Moody's finds commercial real estate eluding recovery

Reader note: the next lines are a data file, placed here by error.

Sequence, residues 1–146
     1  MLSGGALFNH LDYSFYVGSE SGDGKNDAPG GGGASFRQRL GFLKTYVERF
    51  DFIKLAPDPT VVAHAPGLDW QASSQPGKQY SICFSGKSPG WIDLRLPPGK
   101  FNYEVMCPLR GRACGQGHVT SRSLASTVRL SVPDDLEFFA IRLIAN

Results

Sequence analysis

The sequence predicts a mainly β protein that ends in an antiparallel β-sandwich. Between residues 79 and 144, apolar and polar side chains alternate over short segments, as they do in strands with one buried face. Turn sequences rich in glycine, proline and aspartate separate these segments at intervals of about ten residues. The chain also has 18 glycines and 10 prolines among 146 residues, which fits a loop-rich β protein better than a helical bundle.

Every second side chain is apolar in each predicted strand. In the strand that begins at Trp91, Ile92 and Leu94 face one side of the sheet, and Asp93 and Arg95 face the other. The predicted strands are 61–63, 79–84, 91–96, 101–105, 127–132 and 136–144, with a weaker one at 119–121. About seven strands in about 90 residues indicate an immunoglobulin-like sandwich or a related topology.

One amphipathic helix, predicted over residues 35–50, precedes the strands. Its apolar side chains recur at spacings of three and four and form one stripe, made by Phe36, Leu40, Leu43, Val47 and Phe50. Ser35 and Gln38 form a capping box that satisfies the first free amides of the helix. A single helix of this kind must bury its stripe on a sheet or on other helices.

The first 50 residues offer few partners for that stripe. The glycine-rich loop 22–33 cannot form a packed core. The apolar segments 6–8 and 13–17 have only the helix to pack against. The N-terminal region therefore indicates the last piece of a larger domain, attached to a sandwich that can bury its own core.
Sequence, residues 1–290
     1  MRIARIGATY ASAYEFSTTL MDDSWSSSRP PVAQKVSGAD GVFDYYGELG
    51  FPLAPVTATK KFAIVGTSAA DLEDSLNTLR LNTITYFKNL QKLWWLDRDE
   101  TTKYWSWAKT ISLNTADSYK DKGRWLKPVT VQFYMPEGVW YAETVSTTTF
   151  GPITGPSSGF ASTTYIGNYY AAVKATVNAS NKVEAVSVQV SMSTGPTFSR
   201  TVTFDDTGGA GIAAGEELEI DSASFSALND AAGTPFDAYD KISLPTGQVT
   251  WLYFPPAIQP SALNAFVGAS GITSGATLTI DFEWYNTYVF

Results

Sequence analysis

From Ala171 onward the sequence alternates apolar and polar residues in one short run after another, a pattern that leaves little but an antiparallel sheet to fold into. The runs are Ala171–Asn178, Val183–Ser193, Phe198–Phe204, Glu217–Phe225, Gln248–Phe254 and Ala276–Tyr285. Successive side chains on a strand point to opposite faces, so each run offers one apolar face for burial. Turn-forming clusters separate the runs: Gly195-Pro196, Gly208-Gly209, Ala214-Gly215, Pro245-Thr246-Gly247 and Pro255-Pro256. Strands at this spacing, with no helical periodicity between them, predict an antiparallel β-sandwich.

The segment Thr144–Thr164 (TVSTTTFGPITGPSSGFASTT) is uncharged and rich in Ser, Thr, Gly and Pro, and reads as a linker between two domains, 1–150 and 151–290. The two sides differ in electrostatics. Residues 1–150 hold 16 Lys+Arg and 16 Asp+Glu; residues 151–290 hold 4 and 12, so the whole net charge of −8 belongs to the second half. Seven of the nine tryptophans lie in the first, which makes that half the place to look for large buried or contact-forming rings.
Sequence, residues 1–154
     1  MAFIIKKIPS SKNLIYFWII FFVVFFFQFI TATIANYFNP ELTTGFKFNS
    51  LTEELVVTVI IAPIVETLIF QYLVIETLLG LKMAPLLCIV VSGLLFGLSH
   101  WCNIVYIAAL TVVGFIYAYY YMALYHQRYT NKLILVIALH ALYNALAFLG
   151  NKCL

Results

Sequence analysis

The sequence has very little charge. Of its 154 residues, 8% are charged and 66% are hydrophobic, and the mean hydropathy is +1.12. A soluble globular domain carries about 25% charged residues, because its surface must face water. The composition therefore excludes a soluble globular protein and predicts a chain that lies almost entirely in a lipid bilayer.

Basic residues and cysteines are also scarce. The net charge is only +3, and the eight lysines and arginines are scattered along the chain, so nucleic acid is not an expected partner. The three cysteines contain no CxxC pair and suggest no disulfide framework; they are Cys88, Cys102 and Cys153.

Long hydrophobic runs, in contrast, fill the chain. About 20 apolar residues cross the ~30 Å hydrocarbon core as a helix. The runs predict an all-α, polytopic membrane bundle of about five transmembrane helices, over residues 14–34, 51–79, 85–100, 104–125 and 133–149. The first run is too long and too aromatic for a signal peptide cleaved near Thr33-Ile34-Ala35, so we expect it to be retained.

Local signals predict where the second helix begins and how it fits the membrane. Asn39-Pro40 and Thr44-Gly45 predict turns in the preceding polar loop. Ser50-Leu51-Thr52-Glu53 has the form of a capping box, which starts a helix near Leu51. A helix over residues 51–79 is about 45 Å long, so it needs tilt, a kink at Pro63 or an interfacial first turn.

After three consecutive months of increases, commercial real estate prices fell 0.9% in December, according to Moody's Investors Service. This up and down activity is leading analysts to say any recovery in the space is hard to pin down. According to the latest commercial property price index from the rating agency, prices at the end of December slumped 42.1% below their peak hit in October 2007. Prices throughout last year also fell 2.1% compared a year earlier. Moody's Managing Director Nick Levidy said although prices in the commercial space haven't properly recovered, economic indicators point toward positive growth. "A robust, broad-based recovery in commercial real estate prices has remained elusive, although some major markets, particularly capital-attracting gateway cities, continue to show signs of strength," Levidy commented. "However, we expect that an improving macro economy will mean fewer distressed sales as a percent of overall sales and higher transaction volumes, resulting in the emergence of positive market trends without the degree of choppiness seen in the index over the last year." Prices across all commercial property types increased in the fourth quarter. Retail properties posted the largest gain, up 8.4%, followed by office properties (up 5.1%), industrial properties (up 4.9%) and apartment properties (up 3.6%). Atlanta was the commercial property hot spot in the last quarter of 2010, as the city's transaction volume by dollar amount topped the list of metropolitan areas across all sectors of the industry. According to Moody's, Atlanta accumulated the most transaction volume in the apartment, industrial, office and retail sectors. Chicago, Los Angeles, New York, San Francisco and Washington, D.C. also made it on the list top ten cities in all four categories. On an annual basis, only two property types posted price increases. Apartments performed the best, rising 11.8% in 2010. Office properties also appreciated, up 1.7% in the year. Both industrial and retail property prices depreciated last year, down 1.8% and 2.7%, respectively. Write to Christine Ricciardi. Follow her on Twitter @HWnewbieCR.